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According to Pineau’s lawsuit, Jennings and Brooks agreed to build a deck for the Sons of Italy in exchange for permission to build a separate deck for their restaurant, The Hidden Pig, that protruded 15 feet onto the 124 Washington St. property. After the projects had been completed, the lodge sold the 124 Washington St. building to a company affiliated with Pineau’s project.

Caroline Pineau.
Caroline Pineau. (Jessica Rinaldi/Globe Staff)

Pineau’s suit says Jennings and Brooks promptly demanded $30,000 as compensation for the deck they had built on her property, and that Brooks told her, “you better bet me and my partner are going to get our money back from the deck we built. . . and make sure you go through the same hell with the city that we did.”

The lawsuit also claims Jennings told others that Pineau “doesn’t know who she is dealing with” and “she’ll see how Haverhill works” — statements she claims were meant to intimidate her into paying up.

Jennings and Brooks declined to comment, referring a reporter instead to their lawyer, Scott Schlager.

“These claims are outrageous, meritless, and amount to little more than an attempt to intimidate our clients for challenging a zoning ordinance that would allow a recreational marijuana dispensary in the middle of Haverhill’s central business district, near public parks and playgrounds where children congregate,” Schlager said in a statement.

He added that he was considering seeking sanctions against Pineau under the state’s “anti-SLAPP” statute, a law meant to prevent lawsuits whose fundamental purpose is intimidating defendants into silence.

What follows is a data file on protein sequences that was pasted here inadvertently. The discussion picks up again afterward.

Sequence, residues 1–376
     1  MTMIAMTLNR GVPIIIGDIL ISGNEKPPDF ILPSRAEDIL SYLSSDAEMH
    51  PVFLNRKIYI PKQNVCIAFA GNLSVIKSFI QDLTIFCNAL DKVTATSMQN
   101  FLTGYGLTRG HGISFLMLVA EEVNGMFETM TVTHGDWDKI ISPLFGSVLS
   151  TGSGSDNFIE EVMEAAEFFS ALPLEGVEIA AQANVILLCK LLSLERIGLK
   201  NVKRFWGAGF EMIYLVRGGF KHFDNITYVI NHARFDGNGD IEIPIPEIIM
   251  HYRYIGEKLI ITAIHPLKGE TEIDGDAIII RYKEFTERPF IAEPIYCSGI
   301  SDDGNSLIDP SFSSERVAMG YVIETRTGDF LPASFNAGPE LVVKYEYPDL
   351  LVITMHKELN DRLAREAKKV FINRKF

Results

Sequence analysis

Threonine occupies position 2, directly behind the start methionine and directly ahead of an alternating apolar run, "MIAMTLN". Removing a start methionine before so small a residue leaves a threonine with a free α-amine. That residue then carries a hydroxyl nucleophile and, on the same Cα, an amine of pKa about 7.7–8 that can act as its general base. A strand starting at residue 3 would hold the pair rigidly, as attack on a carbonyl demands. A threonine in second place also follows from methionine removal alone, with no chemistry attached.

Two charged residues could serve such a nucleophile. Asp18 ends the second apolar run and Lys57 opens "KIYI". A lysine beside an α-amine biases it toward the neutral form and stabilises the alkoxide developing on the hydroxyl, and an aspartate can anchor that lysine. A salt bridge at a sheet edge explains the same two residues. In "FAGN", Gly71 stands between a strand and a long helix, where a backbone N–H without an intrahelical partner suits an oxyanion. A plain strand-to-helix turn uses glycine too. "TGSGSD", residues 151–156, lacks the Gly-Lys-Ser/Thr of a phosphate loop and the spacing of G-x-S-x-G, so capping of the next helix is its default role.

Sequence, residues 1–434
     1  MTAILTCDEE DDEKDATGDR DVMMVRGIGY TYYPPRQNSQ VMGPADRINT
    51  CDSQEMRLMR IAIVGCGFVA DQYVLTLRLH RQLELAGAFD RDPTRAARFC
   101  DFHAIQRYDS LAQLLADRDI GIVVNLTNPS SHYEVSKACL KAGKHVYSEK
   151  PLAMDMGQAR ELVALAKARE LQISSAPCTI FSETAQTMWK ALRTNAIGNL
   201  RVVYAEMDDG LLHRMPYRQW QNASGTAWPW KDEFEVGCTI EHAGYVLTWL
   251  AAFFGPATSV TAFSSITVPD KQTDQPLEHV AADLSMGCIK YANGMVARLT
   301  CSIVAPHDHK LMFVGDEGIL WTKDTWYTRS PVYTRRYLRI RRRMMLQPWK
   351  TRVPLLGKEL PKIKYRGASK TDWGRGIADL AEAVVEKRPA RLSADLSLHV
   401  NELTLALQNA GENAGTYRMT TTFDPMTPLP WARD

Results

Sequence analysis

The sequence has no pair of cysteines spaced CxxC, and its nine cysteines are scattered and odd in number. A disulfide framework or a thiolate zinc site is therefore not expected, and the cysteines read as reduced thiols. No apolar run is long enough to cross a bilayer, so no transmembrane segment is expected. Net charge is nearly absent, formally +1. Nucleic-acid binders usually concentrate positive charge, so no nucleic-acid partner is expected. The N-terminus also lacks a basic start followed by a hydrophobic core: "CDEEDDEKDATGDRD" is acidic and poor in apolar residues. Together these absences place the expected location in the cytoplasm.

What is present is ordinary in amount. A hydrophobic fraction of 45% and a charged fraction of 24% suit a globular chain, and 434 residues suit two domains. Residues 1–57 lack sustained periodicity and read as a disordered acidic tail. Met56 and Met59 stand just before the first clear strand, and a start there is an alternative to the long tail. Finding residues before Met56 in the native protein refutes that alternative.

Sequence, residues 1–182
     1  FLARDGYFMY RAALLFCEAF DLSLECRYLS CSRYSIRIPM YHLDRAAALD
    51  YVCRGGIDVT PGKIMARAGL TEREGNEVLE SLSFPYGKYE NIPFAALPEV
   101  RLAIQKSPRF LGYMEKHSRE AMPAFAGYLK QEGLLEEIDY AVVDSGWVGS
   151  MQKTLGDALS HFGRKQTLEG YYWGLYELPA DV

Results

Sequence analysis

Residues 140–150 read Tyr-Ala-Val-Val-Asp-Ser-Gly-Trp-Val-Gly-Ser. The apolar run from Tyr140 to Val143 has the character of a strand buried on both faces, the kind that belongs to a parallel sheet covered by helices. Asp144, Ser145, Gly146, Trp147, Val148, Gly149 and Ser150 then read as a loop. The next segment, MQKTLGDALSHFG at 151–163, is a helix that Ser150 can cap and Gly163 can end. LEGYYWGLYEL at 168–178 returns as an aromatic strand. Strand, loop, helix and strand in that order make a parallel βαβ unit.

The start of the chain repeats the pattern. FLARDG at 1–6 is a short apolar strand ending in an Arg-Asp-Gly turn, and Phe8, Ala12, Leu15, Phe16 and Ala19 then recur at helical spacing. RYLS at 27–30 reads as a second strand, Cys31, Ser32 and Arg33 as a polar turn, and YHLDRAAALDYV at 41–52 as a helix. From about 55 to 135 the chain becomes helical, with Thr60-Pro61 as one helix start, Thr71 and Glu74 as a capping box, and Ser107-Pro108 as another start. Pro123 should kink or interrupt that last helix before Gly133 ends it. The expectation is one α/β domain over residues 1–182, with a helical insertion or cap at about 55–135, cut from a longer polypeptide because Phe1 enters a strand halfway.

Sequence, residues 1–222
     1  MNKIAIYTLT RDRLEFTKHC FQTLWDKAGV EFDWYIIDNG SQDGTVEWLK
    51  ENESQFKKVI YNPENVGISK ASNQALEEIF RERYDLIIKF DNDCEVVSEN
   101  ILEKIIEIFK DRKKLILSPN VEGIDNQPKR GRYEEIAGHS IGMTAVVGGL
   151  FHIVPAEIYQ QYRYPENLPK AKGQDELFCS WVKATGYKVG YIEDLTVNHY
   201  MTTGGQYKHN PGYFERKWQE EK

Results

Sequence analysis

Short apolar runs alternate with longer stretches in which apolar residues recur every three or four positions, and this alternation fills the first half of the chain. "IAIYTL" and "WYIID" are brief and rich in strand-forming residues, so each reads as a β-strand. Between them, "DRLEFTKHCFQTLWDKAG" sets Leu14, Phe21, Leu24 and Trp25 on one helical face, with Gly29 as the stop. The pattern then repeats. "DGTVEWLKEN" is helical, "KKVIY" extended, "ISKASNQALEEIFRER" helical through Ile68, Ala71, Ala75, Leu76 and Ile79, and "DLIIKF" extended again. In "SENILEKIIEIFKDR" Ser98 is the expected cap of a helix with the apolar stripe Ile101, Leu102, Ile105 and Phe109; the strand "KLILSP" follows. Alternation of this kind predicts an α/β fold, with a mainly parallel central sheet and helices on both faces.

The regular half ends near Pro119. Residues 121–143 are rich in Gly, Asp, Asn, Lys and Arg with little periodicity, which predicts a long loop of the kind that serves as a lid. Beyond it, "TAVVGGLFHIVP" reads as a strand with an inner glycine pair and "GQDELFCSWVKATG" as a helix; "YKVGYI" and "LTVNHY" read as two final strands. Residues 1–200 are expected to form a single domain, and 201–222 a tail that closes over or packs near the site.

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Asked for comment on the legal challenge by Brooks, Jennings, and Dimakis to Haverhill’s zoning change, Mayor James J. Fiorentini said in a brief statement that “the city is confident that the zoning was legal and will be upheld by the courts.”

The fight has prompted an outpouring of support for Pineau from marijuana advocates and sympathetic Haverhill residents. Earlier this month, a group led by activist Mike Crawford picketed Mark’s Deli, bearing signs that read “drop the lawsuit” and “more weed, less greed.”

Dylan Macarthy works to take down an awning outside of a building being renovated to turn into a pot shop.
Dylan Macarthy works to take down an awning outside of a building being renovated to turn into a pot shop.(Jessica Rinaldi/Globe Staff)

In the meantime, Pineau said she’ll keep working to open Stem. The family-funded company is one of three cannabis retailers to sign host community agreements so far with Haverhill, where about 55 percent of voters in 2016 favored legalizing marijuana. Stem will seek a special permit from the city at a June 18 hearing, while its application for a state license is pending before the Cannabis Control Commission.

“I’ve really fallen in love with the Haverhill community,” Pineau said. “I see a tremendous opportunity to help revitalize the downtown.”


Dan Adams can be reached at daniel.adams@globe.com. Follow him on Twitter @Dan_Adams86.